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Tip revision: **68a979e69aa2a1e57017730e1397470d5614d216** authored by ** Dominique Makowski ** on **02 September 2021, 23:10:30 UTC**

**version 0.11.0**

Tip revision: **68a979e**

cwi.Rd

```
% Generated by roxygen2: do not edit by hand
% Please edit documentation in R/cwi.R
\name{cwi}
\alias{cwi}
\alias{cwi.data.frame}
\title{Curve-wise Intervals (CWI)}
\usage{
cwi(x, ...)
\method{cwi}{data.frame}(x, ci = 0.95, ...)
}
\arguments{
\item{x}{Vector representing a posterior distribution, or a data frame of such
vectors. Can also be a Bayesian model (\code{stanreg}, \code{brmsfit},
\code{MCMCglmm}, \code{mcmc} or \code{bcplm}) or a \code{BayesFactor} model.}
\item{...}{Currently not used.}
\item{ci}{Value or vector of probability of the (credible) interval - CI
(between 0 and 1) to be estimated. Default to \code{.95} (\verb{95\%}).}
}
\value{
A data frame with following columns:
\itemize{
\item \code{Parameter} The model parameter(s), if \code{x} is a model-object. If \code{x} is a vector, this column is missing.
\item \code{CI} The probability of the credible interval.
\item \code{CI_low}, \code{CI_high} The lower and upper credible interval limits for the parameters.
}
}
\description{
Compute the \strong{Curve-Wise Interval (CWI)} of posterior distributions using \code{ggdist::curve_interval()}. These are particularly useful for visualisation of model's predictions.
}
\details{
Unlike equal-tailed intervals (see \code{eti()}) that typically exclude \verb{2.5\%}
from each tail of the distribution and always include the median, the HDI is
\emph{not} equal-tailed and therefore always includes the mode(s) of posterior
distributions.
\cr \cr
The \href{https://easystats.github.io/bayestestR/articles/credible_interval.html}{\verb{95\%} or \verb{89\%} Credible Intervals (CI)}
are two reasonable ranges to characterize the uncertainty related to the estimation (see \href{https://easystats.github.io/bayestestR/articles/credible_interval.html}{here} for a discussion about the differences between these two values).
\cr
The \verb{89\%} intervals (\code{ci = 0.89}) are deemed to be more stable than, for
instance, \verb{95\%} intervals (\cite{Kruschke, 2014}). An effective sample size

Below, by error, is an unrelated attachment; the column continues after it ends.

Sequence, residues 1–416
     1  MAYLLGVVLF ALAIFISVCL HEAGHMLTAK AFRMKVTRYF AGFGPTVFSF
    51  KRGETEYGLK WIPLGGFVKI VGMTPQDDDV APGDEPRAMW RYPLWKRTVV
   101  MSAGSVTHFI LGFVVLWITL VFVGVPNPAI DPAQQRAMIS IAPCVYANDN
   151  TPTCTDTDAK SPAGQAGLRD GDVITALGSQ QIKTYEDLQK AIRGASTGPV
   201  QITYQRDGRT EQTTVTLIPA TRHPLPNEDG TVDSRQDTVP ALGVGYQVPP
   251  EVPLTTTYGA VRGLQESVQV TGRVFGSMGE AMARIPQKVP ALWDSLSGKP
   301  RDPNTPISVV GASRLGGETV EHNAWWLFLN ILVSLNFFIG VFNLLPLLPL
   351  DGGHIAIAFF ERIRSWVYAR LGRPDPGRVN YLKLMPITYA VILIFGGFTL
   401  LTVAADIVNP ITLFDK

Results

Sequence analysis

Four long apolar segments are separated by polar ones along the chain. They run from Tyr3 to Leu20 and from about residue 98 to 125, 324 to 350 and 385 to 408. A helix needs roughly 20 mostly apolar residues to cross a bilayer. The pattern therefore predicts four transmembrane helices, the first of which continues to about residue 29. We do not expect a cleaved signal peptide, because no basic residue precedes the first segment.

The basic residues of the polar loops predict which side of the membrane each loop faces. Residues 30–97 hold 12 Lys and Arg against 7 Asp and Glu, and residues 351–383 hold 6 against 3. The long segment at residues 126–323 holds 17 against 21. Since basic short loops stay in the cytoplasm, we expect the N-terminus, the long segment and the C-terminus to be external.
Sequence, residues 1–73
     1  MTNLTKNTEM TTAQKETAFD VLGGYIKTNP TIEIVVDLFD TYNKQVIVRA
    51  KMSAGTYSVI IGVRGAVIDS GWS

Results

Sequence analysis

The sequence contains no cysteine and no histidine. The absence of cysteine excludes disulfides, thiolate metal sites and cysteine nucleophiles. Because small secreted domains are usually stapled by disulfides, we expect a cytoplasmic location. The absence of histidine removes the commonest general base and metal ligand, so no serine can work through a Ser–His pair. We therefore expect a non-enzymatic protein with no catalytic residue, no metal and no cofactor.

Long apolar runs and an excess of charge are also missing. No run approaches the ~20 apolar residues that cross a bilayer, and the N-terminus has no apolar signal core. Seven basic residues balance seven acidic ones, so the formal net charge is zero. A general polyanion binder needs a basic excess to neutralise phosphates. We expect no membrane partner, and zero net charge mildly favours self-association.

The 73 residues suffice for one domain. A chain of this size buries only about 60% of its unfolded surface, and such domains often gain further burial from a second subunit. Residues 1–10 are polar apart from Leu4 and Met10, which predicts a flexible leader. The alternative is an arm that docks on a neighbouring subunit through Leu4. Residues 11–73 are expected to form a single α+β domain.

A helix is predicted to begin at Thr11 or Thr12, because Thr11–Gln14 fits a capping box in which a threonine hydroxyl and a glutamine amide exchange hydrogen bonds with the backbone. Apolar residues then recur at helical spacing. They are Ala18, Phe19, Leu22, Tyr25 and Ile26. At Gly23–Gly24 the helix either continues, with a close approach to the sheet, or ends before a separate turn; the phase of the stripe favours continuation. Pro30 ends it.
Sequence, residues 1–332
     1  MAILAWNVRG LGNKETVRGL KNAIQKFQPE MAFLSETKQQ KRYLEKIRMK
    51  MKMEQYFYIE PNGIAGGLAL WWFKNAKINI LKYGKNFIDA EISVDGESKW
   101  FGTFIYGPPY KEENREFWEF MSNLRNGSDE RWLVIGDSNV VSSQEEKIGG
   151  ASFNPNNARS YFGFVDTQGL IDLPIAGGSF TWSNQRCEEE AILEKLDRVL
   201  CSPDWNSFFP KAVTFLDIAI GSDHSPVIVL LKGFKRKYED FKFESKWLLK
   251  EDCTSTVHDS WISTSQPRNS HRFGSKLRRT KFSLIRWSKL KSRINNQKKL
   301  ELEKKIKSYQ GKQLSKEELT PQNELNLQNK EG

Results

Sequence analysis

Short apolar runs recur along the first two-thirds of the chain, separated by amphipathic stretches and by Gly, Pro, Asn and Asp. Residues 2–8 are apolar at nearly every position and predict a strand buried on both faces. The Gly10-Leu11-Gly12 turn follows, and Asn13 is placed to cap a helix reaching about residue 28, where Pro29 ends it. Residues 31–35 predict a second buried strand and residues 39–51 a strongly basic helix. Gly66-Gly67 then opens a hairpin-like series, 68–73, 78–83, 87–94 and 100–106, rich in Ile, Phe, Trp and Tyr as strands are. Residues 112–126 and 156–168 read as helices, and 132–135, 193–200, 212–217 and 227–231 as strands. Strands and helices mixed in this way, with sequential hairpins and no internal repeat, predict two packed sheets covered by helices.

of at least 10.000 is recommended if one wants to estimate \verb{95\%} intervals
with high precision (\cite{Kruschke, 2014, p. 183ff}). Unfortunately, the
default number of posterior samples for most Bayes packages (e.g., \code{rstanarm}
or \code{brms}) is only 4.000 (thus, you might want to increase it when fitting
your model). Moreover, 89 indicates the arbitrariness of interval limits -
its only remarkable property is being the highest prime number that does not
exceed the already unstable \verb{95\%} threshold (\cite{McElreath, 2015}).
\cr
However, \verb{95\%} has some \href{https://easystats.github.io/blog/posts/bayestestr_95/}{advantages too}. For instance, it
shares (in the case of a normal posterior distribution) an intuitive
relationship with the standard deviation and it conveys a more accurate image
of the (artificial) bounds of the distribution. Also, because it is wider, it
makes analyses more conservative (i.e., the probability of covering 0 is
larger for the \verb{95\%} CI than for lower ranges such as \verb{89\%}), which is a good
thing in the context of the reproducibility crisis.
\cr \cr
A \verb{95\%} equal-tailed interval (ETI) has \verb{2.5\%} of the distribution on either
side of its limits. It indicates the 2.5th percentile and the 97.5h
percentile. In symmetric distributions, the two methods of computing credible
intervals, the ETI and the \link[=hdi]{HDI}, return similar results.
\cr \cr
This is not the case for skewed distributions. Indeed, it is possible that
parameter values in the ETI have lower credibility (are less probable) than
parameter values outside the ETI. This property seems undesirable as a summary
of the credible values in a distribution.
\cr \cr
On the other hand, the ETI range does change when transformations are applied
to the distribution (for instance, for a log odds scale to probabilities):
the lower and higher bounds of the transformed distribution will correspond
to the transformed lower and higher bounds of the original distribution.
On the contrary, applying transformations to the distribution will change
the resulting HDI.
}
\examples{
library(bayestestR)
if (require("ggplot2") && require("rstanarm") && require("ggdist")) {
# Generate data =============================================
k = 11 # number of curves (iterations)
n = 201 # number of rows
data <- data.frame(x = seq(-15,15,length.out = n))
# Simulate iterations as new columns
for(i in 1:k) {
data[paste0("iter_", i)] <- dnorm(data$x, seq(-5,5, length.out = k)[i], 3)
}
# Note: first, we need to transpose the data to have iters as rows
iters <- datawizard::data_transpose(data[paste0("iter_", 1:k)])
# Compute Median
data$Median <- point_estimate(iters)[["Median"]]
# Compute Credible Intervals ================================
# Compute ETI (default type of CI)
data[c("ETI_low", "ETI_high")] <- eti(iters, ci = 0.5)[c("CI_low", "CI_high")]
# Compute CWI
# ggdist::curve_interval(reshape_iterations(data), iter_value .width = c(.5))
# Visualization =============================================
ggplot(data, aes(x = x, y = Median)) +
geom_ribbon(aes(ymin = ETI_low, ymax = ETI_high), fill = "red", alpha = 0.3) +
geom_line(size = 1) +
geom_line(data = reshape_iterations(data),
aes(y = iter_value, group = iter_group),
alpha = 0.3)
}
}
\seealso{
Other ci:
\code{\link{bci}()},
\code{\link{ci}()},
\code{\link{eti}()},
\code{\link{hdi}()},
\code{\link{si}()}
}
\concept{ci}
```